Although I’m rarely a running blogger lately, I nevertheless remain a running runner. I have been running on a steady basis, and doing one hard workout a week since late August. Low mileage, around 25 most weeks. No trackwork. It’s mostly been fartleks (treadmill) and throwing in a few miles at tempo effort over the course of a longer run on hills. We found a dirt cheap gym that’s three miles away, so I’ve gotten back to weekly strength work, now up to 1 hour, twice weekly. I’ve maintained a weight of 124 with some effort. I’d like to get back down to 120, because I feel better running at that weight. I’d also like to get my mileage up to around 40 mpw.
A year ago I was training like mad to run a fast 5K road race over Olympic Trials weekend in Houston. I did not run that race. I did a little racing in the late winter, but then I got injured in March with PF in my right foot (still there, but mild). It’s been a wild ride, the last nine months, with lots of highs and lows. None of them having to do with running, at least not directly. This has been good for me, not only because I’ve recognized the value of focusing on other areas of endeavor, but also because it’s given me a chance to think about my running, where it fits into my life. Perspective and distance are helpful things.
One realization is that I do miss some aspects of marathon training, but I don’t miss the time and energy commitment. Nor do I actually miss racing marathons. I’m still fairly certain that I won’t run another. I’ve also realized that I’ll probably always be a competitive runner. And by that I mean I’ll care about seeing improvement in myself (although as the years pass, that’s all relative) and doing well relative to my peers. I still want to have tangible goals.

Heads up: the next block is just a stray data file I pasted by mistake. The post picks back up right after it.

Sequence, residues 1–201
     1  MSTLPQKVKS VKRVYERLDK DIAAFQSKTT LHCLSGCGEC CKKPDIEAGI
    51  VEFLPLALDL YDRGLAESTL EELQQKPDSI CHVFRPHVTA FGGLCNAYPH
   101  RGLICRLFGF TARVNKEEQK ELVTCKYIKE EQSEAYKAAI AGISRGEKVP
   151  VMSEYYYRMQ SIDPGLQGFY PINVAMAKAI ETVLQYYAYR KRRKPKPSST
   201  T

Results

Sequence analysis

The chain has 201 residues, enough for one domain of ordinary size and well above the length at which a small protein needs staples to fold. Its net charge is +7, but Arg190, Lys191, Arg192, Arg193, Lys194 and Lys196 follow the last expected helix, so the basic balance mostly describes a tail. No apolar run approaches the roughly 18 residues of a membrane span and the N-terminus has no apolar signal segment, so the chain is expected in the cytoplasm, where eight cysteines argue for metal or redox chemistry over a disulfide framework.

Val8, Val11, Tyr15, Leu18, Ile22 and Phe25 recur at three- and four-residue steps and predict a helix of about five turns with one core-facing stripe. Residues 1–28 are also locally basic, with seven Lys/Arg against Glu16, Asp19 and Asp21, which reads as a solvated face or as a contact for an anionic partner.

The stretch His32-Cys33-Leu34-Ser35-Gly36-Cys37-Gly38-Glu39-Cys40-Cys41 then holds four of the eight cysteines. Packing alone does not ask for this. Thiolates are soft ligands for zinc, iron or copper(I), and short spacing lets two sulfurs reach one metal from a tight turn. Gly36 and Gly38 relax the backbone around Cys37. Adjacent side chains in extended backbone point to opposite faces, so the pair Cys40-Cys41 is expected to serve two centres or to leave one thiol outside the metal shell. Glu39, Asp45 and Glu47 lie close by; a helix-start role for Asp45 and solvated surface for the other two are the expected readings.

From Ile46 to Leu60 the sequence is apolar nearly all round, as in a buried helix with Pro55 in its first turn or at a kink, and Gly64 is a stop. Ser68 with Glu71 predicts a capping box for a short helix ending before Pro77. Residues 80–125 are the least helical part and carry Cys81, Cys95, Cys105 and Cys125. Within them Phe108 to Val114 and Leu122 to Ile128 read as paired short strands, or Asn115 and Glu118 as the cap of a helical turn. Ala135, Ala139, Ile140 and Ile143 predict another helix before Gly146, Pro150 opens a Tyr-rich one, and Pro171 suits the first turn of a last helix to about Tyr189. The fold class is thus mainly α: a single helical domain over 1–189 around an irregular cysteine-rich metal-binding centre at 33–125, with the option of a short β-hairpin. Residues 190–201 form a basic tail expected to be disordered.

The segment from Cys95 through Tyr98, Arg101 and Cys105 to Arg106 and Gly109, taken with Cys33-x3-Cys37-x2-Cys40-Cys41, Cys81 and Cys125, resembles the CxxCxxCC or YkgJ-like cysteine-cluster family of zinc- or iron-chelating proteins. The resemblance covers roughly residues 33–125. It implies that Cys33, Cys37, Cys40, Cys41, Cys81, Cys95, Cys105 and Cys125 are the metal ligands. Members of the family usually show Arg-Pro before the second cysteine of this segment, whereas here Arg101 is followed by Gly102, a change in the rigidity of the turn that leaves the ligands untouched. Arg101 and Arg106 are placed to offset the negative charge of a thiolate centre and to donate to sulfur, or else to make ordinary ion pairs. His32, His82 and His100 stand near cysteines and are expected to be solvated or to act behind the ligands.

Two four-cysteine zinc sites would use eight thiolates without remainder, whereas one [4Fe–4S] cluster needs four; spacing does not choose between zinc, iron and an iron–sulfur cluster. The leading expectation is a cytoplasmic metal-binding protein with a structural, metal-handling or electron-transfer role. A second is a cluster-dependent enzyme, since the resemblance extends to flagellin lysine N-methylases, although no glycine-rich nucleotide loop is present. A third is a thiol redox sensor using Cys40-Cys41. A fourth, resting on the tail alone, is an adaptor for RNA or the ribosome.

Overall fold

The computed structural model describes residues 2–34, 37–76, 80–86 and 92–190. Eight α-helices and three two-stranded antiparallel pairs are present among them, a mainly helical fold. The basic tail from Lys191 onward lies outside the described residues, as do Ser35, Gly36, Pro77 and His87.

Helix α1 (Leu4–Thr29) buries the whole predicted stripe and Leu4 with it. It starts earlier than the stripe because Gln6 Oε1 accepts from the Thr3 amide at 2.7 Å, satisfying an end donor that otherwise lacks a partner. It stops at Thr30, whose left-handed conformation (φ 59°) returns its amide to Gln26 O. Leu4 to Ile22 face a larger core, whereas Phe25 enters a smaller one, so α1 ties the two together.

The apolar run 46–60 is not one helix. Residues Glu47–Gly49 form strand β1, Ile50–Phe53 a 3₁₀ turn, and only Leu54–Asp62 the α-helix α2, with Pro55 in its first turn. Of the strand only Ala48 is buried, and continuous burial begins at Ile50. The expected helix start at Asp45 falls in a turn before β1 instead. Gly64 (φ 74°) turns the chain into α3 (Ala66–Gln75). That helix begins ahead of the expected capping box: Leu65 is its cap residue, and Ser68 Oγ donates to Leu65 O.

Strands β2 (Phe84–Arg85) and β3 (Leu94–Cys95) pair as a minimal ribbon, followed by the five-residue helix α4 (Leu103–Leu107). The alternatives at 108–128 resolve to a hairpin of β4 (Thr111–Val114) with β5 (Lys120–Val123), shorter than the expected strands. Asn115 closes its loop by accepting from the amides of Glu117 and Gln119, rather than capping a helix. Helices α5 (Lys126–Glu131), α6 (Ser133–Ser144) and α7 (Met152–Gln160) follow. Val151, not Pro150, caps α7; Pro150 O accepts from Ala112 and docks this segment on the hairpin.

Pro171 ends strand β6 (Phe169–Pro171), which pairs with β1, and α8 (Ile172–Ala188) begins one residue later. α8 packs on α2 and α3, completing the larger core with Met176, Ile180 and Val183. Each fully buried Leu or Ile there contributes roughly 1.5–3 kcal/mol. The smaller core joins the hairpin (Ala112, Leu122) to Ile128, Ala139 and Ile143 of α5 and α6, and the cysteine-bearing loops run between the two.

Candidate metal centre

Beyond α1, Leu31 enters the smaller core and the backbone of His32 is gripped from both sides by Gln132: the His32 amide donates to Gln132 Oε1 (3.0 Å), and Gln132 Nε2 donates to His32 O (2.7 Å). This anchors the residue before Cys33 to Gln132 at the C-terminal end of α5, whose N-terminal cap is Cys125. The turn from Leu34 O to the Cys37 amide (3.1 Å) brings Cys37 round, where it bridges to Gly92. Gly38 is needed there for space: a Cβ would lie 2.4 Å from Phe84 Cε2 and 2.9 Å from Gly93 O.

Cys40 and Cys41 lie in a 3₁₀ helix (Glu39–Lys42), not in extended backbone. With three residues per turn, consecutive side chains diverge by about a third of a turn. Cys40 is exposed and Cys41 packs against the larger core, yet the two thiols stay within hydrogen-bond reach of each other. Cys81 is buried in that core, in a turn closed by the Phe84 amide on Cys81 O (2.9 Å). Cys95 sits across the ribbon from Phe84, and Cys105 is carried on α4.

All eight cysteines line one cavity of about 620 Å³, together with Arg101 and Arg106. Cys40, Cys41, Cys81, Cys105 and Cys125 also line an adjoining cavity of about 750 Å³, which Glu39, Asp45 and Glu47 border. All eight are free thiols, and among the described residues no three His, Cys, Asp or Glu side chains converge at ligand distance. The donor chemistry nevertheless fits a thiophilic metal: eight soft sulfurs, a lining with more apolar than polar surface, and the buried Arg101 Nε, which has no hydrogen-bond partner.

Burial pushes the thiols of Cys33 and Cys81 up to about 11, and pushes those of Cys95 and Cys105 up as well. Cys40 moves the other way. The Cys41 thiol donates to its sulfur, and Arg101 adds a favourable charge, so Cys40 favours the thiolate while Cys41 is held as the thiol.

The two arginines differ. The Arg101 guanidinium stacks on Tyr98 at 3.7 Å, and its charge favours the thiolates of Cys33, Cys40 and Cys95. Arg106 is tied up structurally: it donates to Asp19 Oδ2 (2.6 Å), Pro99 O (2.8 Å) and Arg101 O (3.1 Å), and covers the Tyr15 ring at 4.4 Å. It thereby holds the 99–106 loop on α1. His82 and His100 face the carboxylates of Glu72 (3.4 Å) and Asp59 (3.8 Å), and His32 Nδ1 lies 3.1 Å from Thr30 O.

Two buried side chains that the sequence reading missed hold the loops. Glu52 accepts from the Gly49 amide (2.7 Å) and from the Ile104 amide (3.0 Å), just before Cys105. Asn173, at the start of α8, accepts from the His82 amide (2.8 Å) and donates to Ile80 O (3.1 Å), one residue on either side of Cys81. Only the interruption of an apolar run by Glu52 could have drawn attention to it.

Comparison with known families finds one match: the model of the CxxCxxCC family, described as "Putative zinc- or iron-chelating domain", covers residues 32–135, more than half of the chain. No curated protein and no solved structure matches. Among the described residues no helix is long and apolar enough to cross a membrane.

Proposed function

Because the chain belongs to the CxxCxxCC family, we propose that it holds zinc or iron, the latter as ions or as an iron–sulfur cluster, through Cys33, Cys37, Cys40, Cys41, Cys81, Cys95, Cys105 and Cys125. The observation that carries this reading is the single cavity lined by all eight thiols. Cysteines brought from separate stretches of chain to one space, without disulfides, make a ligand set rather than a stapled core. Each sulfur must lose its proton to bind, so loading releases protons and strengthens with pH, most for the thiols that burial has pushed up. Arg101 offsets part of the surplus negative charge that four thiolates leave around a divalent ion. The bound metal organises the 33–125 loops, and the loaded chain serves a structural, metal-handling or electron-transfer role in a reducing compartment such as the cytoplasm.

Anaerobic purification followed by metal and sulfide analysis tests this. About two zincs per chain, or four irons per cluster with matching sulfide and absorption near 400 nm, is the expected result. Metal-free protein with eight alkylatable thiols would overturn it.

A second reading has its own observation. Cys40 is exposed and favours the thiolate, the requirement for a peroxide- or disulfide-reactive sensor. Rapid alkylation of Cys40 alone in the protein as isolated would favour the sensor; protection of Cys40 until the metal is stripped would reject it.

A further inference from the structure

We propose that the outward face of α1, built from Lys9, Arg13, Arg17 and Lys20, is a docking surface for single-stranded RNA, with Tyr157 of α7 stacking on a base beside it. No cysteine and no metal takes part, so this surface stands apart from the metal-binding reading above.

I do have a goal right now, which is to break 20:00 in a road 5K. What’s different this time around is that I’m not attaching that goal to any particular deadline or race. I will train during the fall to run a fast 5K this winter. Will it be under 20:00? I have no clue. I have a training plan, but it’s loose. I got so sick of trying to follow a strict schedule, not hitting target paces, going into each “tuneup” or “time trial” race with pressure to see a certain time on the clock. The truth is, some days I don’t feel like running. So when that happens, I usually don’t run. On other days, I’ll go out with a plan to do a hard run, but my legs don’t feel great. So I’ll give them a few miles. Sometimes they come around. But usually they don’t, and when that happens I abandon the workout and try again a few days later.
I’m seeing steady improvements in fitness. But mostly I’m seeing an improvement in how I feel about running. I like it again. Sometimes I love it. I never dread it, and that’s new. I have my first track workout in about five months next week. It’s not even really a workout. It’s mostly going to be me running around a track wearing an HRM to see what speeds I can maintain at various efforts. I just want some sort of baseline at this point.
I have this crazy suspicion that my radical change in attitude and looser approach to training and racing might yield greater success eventually.